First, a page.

Utah survivor remembers massive tsunami 10 years later, plans album

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SALT LAKE CITY — A Utah man who lost his sister in the 2004 Indian Ocean tsunami and barely cheated death himself is now making an album that channels the darkness from the tragedy into songs he hopes will inspire others.

“You can really overcome anything life throws at you — whether it’s as crazy as all the things I’ve been through or it’s just everyday stuff,” Jai Breisch said of the message of the album, which he is currently developing.

Breisch was in Khao Lak, inside a bungalow with his sister, Kali, at the time the tsunami struck.

“She woke me up and was saying, 'Jai, Jai! You’ve got to come look at this! You’ve got to see this!' Breisch recalled. “Out in the distance I saw what looked like a gray background like clouds and I only realized later that it was a wave that was so tall that I couldn’t even see the top of it from where I was standing.”

Breisch immediately turned to run, but was consumed by the 30- to 40-foot wall of water by the time he reached the door.

I was laying on my back in the middle of the jungle, looking up at this bright blue sky and wondering what the heck just happened. There was septic tanks and refrigerators and mattresses and sheets of plywood.

–Jai Breisch

“All of the glass windows shattered and the curtains just flew up right to the ceiling, and I was underwater in an instant,” Breisch said.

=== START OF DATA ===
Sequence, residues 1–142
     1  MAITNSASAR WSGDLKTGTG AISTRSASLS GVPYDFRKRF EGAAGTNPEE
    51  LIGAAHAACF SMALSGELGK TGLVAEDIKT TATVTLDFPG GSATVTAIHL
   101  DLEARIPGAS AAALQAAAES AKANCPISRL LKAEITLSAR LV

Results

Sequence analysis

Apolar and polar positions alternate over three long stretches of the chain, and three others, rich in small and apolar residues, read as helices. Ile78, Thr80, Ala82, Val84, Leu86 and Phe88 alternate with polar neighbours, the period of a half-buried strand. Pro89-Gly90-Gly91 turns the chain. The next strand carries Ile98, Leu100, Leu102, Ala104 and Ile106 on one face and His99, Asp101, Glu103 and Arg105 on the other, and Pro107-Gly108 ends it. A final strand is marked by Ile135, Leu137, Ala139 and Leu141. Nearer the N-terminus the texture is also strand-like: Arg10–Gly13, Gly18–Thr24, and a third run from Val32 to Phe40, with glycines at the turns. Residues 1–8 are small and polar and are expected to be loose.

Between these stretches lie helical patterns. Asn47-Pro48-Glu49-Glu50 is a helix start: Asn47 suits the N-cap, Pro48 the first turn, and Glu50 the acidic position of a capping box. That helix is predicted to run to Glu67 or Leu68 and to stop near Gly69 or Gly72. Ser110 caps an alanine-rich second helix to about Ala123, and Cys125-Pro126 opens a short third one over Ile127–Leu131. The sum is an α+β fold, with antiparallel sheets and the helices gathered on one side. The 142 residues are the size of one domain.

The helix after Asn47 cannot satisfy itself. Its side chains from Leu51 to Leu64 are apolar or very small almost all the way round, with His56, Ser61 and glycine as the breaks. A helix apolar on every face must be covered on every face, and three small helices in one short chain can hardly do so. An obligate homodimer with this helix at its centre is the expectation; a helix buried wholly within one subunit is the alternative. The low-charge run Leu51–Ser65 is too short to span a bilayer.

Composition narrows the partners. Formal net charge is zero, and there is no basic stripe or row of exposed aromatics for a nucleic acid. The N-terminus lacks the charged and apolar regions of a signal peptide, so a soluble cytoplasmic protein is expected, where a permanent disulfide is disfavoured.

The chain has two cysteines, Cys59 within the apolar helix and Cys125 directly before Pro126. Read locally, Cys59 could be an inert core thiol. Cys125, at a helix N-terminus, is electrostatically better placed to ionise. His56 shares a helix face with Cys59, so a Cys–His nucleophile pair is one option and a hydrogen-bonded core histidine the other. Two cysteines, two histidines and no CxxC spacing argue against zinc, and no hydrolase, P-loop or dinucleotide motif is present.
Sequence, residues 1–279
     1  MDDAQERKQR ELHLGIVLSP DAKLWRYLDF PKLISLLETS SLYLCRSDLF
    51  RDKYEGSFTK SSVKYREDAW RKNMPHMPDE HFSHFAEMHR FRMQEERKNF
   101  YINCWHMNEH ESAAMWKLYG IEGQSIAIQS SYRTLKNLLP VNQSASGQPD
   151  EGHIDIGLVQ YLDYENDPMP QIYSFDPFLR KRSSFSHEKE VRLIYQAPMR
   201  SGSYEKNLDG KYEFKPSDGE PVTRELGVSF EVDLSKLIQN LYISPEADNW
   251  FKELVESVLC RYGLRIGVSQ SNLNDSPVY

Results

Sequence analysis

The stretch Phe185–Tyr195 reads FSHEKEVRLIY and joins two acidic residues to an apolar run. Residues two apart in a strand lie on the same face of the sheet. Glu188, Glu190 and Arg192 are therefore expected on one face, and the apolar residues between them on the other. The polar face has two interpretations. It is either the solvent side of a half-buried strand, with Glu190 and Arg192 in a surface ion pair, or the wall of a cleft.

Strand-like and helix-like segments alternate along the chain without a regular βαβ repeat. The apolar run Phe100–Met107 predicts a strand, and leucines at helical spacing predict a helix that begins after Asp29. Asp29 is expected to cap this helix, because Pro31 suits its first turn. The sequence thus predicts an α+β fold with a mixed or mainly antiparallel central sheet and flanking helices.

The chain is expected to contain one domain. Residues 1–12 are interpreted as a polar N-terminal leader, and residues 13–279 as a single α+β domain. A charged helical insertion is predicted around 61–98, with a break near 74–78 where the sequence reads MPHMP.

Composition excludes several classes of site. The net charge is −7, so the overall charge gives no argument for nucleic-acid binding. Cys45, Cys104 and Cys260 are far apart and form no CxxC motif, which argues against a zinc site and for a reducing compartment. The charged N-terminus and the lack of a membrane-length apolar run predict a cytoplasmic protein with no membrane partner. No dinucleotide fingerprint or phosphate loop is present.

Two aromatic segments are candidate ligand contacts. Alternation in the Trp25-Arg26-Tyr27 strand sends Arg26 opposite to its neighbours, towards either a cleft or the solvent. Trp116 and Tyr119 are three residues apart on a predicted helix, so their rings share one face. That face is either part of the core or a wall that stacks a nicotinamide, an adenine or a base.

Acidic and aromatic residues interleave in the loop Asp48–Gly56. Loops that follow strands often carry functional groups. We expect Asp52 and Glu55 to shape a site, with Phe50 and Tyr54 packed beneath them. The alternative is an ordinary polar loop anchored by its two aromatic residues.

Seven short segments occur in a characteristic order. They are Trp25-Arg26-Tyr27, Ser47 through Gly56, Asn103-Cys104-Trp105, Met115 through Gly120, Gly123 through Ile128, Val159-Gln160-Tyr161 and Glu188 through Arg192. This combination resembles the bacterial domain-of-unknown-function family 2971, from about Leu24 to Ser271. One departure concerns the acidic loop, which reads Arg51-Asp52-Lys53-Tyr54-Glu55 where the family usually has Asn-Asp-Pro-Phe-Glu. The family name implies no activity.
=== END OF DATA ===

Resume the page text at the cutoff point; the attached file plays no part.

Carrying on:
Breisch said he believed he was swept about a mile inland in what he now calls the “tsunami soup” — a “washing machine with dirt and glass and bricks and razor blades.”

When the wave subsided, Breisch said he was lost, surrounded by a sea of devastation.

“I was laying on my back in the middle of the jungle, looking up at this bright blue sky and wondering what the heck just happened,” Breisch said. “There was septic tanks and refrigerators and mattresses and sheets of plywood.”

Breisch already had a broken neck from a car accident that happened a couple months prior to the tsunami. His collarbone was permanently dislocated during the disaster, and he had numerous lacerations.

Miraculously, he was able to walk for help. His sister’s remains weren’t identified for a month after the tsunami.

“I know of about two or three other people on that beach who survived, while 4,000 others didn’t,” he said. “(Kali) saved my life and unfortunately lost her own in the process.”

Breisch, who was already an aspiring singer prior to the tsunami, started retracing his songs on an old notepad given to him following the disaster.

He said he intends to release a full EP, “After the Wave,” with songs that touch on the struggles that ensued in the years after the tsunami.

“I know that’s what my sister would have wanted me to do, and I know that I was meant for more than just being stuck in that place where I was,” Breisch said. “It’s really about the drive that living through all that put into me, and how that made me want to create better things and better music.”

Breisch is currently in the process of raising as much as $12,000 through Kickstarter to make the album. He considers his style an upbeat pop-rock, “danceable” blend in the styles of Bruno Mars, Coldplay and Jason Mraz.

“I would hope that people take the message of hope and survivorship out of my music,” Breisch said, “being able to take those things and trying to see the light in all those dark, dark things that happen to us.”


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Andrew Adams


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